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Stripe is ready to accept crypto for payments again

John Collison, President and Co-Founder of Stripe, attends the Viva Tech 2018 conference in Paris.

Christophe Morin | IP3 | Getty Images

Stripe is not ruling out accepting cryptocurrency as a payment method in the future, according to co-founder John Collison.

The online payment company ended support for bitcoin payments in 2018, citing the digital coin’s notoriety for volatile price swings and a lack of efficiency in day-to-day transactions.

“Crypto obviously means a lot of different things to a lot of different people,” Collison said during a panel moderated by CNBC at Fintech Abu Dhabi Festival on Tuesday.

Collison said some aspects of crypto – such as its use as a speculative investment – are “not so relevant to what we do at Stripe.”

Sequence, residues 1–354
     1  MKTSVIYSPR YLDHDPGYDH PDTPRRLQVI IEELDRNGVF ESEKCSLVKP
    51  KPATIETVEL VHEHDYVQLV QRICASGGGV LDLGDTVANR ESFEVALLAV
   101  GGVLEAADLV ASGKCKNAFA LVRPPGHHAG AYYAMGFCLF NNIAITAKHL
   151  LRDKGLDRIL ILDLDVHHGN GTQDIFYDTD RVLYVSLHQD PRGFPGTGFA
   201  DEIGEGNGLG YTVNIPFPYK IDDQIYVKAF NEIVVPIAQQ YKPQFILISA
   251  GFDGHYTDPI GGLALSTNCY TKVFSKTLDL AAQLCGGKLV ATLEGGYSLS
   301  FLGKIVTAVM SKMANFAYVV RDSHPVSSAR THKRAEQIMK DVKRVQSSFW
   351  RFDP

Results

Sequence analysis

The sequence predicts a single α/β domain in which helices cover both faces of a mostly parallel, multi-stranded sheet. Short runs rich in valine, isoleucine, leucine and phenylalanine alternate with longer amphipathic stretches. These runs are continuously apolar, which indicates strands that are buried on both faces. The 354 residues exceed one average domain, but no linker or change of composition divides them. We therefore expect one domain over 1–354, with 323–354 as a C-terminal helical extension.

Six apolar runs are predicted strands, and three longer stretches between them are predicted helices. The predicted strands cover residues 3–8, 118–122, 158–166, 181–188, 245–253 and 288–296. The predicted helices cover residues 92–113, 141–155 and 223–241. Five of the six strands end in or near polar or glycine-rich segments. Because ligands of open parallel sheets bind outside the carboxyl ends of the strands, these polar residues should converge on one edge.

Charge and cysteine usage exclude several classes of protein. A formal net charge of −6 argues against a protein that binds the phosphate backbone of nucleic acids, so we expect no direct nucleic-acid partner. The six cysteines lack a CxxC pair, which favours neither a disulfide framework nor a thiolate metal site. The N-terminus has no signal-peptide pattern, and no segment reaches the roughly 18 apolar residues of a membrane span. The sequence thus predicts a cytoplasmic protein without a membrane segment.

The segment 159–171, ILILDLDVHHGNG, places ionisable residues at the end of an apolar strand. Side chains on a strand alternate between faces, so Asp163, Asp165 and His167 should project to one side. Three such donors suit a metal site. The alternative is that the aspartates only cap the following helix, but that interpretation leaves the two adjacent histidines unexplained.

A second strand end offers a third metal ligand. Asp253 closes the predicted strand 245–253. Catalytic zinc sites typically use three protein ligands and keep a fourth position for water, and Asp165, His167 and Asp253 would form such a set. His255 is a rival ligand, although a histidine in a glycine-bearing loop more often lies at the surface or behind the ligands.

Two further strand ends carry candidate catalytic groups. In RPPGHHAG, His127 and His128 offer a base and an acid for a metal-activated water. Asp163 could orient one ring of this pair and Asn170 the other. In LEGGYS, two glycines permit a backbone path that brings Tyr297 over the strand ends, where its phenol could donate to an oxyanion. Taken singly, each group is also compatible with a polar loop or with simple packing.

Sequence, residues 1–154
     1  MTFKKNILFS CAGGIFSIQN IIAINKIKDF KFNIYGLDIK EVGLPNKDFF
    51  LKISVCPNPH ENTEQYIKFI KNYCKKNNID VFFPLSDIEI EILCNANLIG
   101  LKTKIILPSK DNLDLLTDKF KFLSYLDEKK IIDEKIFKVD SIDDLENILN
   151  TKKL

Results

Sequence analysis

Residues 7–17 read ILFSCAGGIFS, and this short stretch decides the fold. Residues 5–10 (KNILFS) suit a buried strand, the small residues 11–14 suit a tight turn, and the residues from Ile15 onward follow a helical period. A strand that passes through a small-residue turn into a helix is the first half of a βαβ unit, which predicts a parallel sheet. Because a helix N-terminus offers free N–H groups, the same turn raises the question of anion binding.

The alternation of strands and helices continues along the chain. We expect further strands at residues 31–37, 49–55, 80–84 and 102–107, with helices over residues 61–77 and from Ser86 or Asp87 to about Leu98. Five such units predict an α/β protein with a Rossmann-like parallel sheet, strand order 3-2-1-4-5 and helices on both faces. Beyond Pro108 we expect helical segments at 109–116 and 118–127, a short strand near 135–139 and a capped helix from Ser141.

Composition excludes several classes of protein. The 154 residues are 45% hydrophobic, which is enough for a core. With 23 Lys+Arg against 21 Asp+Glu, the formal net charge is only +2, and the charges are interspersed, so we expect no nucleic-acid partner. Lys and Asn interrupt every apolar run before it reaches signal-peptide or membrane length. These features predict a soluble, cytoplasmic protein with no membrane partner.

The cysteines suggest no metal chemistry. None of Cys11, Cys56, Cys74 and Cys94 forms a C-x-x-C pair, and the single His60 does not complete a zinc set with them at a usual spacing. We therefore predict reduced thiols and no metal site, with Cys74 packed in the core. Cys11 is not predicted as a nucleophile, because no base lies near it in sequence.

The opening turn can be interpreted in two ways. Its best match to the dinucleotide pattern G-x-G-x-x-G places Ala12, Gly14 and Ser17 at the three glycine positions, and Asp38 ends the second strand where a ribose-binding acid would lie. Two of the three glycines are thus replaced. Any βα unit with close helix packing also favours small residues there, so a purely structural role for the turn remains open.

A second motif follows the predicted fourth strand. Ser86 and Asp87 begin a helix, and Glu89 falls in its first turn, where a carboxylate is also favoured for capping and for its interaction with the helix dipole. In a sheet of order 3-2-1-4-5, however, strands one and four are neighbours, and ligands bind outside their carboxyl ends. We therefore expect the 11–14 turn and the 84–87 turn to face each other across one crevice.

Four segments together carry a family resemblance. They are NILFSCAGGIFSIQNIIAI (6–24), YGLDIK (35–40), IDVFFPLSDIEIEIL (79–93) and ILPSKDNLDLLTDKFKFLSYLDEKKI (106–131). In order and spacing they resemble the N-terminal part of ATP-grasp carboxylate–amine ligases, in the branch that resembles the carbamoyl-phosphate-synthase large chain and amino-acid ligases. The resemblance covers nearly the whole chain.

But, he added: “There has been a lot of development lately with the aim of improving cryptocurrencies and, in particular, scalable and acceptable cost as a payment method.”

When asked if Stripe would resume accepting crypto as a payment method, Collison said, “We are not doing that yet, but I think it is not unlikely that we will.”

The company recently formed a team dedicated to exploring cryptography and “Web3,” a tech buzzword that refers to a new decentralized version of the Internet.

The effort is directed by Guillaume Poncin, Chief Engineering Officer of Stripe. Earlier this month, the company appointed Matt Huang, co-founder of crypto-focused venture capital firm Paradigm, to its board of directors.

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Collison said there are a number of emerging innovations in digital assets that have potential, including solana – a competitor of ethereum, the world’s second digital currency – to “layer 2” systems like the network. Bitcoin Lightning, which aim to speed up transactions and process them at a lower cost.

Founded in 2009, Stripe quickly grew to become the largest privately held fintech company in the United States. The latter company was valued at $ 95 billion and counts among its investors Baillie Gifford, Sequoia Capital and Andreessen Horowitz.

The company, which processes payments for Google, Amazon and Uber, has recently expanded into a number of other areas of finance, including lending and tax management.

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